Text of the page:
The Truth About Diabetes
You probably know someone suffering from diabetes, or you may have it yourself. Type 2 diabetes is rising at an unprecedented rate in the United States and around the world. An estimated 17 million people in the United States are thought to have the condition, though approximately one-third are not aware of it. The number of cases in the United States has increased 49 percent since 1990. However, there is no need to fear a diagnosis. If you do have diabetes, there are ways to manage it. If you don't have it, you may be able to prevent its onset through conscious lifestyle choices. In fact, clinical research shows diet and lifestyle modification is more effective than early pharmaceutical management for prevention of type 2 diabetes.
What is diabetes?
Diabetes is a bodily condition where the pancreas does not produce enough insulin or cannot utilize insulin properly. Insulin is important because it converts glucose from food into usable energy. When insulin is not doing its job, blood sugar levels rise. If untreated, diabetes can eventually take a toll on the eyes, kidneys, and nerves and can also predispose you to cardiovascular disease.
In type 1 diabetes, the body stops producing insulin altogether. People with type 1 diabetes require lifelong daily insulin injections in order to survive. Previously called juvenile-onset diabetes (since it is usually diagnosed in childhood or before age 30), this type affects about 5-10 percent of diabetics. The terms insulin-dependent and juvenile-onset are no longer used because type 2 diabetes can also require insulin and is being discovered more frequently in adolescents. Some symptoms of untreated type I diabetes include unexplained weight loss, frequent urination, constantly feeling hungry and very thirsty, trouble seeing and/or frequent fatigue.
The other major type of diabetes is type 2 diabetes. This form of the disease is much more common (comprising 90-95 percent of diabetes cases) and is caused by the body's inability to produce enough insulin or the inability to utilize the insulin that is produced. The symptoms for untreated type 2 may include headaches, blurry vision, thirst, frequent urination, dry, itchy skin, frequent infections, blurred vision, cuts/bruises that are slow to heal, tingling/numbness in the hands or feet, and recurring skin, gum or bladder infections. You may also have no symptoms.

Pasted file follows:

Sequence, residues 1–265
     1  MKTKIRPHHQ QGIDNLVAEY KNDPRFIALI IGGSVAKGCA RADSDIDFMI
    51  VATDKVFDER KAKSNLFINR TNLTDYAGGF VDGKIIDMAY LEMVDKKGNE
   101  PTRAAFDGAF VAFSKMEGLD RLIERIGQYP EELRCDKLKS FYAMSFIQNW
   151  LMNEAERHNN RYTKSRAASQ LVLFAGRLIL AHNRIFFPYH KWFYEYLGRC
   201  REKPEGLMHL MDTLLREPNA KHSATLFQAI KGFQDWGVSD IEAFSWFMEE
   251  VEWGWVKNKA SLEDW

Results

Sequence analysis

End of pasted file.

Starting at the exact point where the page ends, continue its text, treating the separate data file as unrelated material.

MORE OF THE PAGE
What causes type 2 diabetes?
Like any disease condition, the causes of type 2 diabetes are multi-factorial and individual. Lifestyle and genetics seem to have the greatest impact on risk. African American, Asian American, Latin American, Native American and Pacific Islanders seem to have the greatest risk. Some evidence suggests this increased risk may be the result of converting to a Western diet. Epidemiological evidence suggests that frequency of exercise, even mild to moderate intensity exercise, has a direct effect on risk of type 2 diabetes. Also, high dietary intake of fruit, vegetables, legume, dietary fiber and antioxidant vitamins have also been correlated with decreased risk. Being overweight or obese also directly impacts the risk of developing type 2 diabetes. Although not all obese people are diabetic and not all diabetics are obese, approximately 80 percent of those with type 2 diabetes are obese.
Screening for type 2 diabetes is recommended in all adults over age 45, especially if you are overweight. Testing should begin at a younger age if any of the following are true: you have been inactive for many years, you have a first-degree relative who has diabetes, you are a member of a high-risk population, you have history of elevated blood glucose while pregnant, you have elevated blood pressure, or you have history of blood lipid abnormalities, i.e. high triglycerides or low HDLs. Children should be screened if they are in the 85th percentile for their height and weight and two of the following apply: they have a family history of diabetes, they are members of a high-risk population, and/or they have other cardiovascular concerns or other signs of insulin resistance. The symptoms for untreated type 2 diabetes may include headaches, blurry vision, thirst, frequent urination, dry, itchy skin, frequent infections, blurred vision, cuts/bruises that are slow to heal, tingling/numbness in the hands or feet, and recurring skin, gum or bladder infections. You also may not have symptoms.
Naturopathic physicians are also trained as primary care providers and can aid in navigating the complexities of the disease condition and can provide the coordination of medical care required in such a complex disease condition. Similarly, a registered dietitian and acupuncturist can complement a diabetes management team very well by continuing to guide and educate patients toward optimal health.
Bastyr Center for Natural Health has developed a specific service just for diabetic conditions, called the Diabetes and Cardiovascular Wellness Program. This program is designed to help you be as healthy as you can be by providing education about your condition, comprehensive lifestyle guidance, and recommendations for supplemental nutritional and botanical treatments.
In summary, it is wise to minimize the risk factors for the development of type 2 diabetes. If you are concerned about preventing or controlling diabetes, you should discuss it with a health care provider.
Contributing Writers: Sydney Maupin, Staff Writer; Christian Dodge, ND
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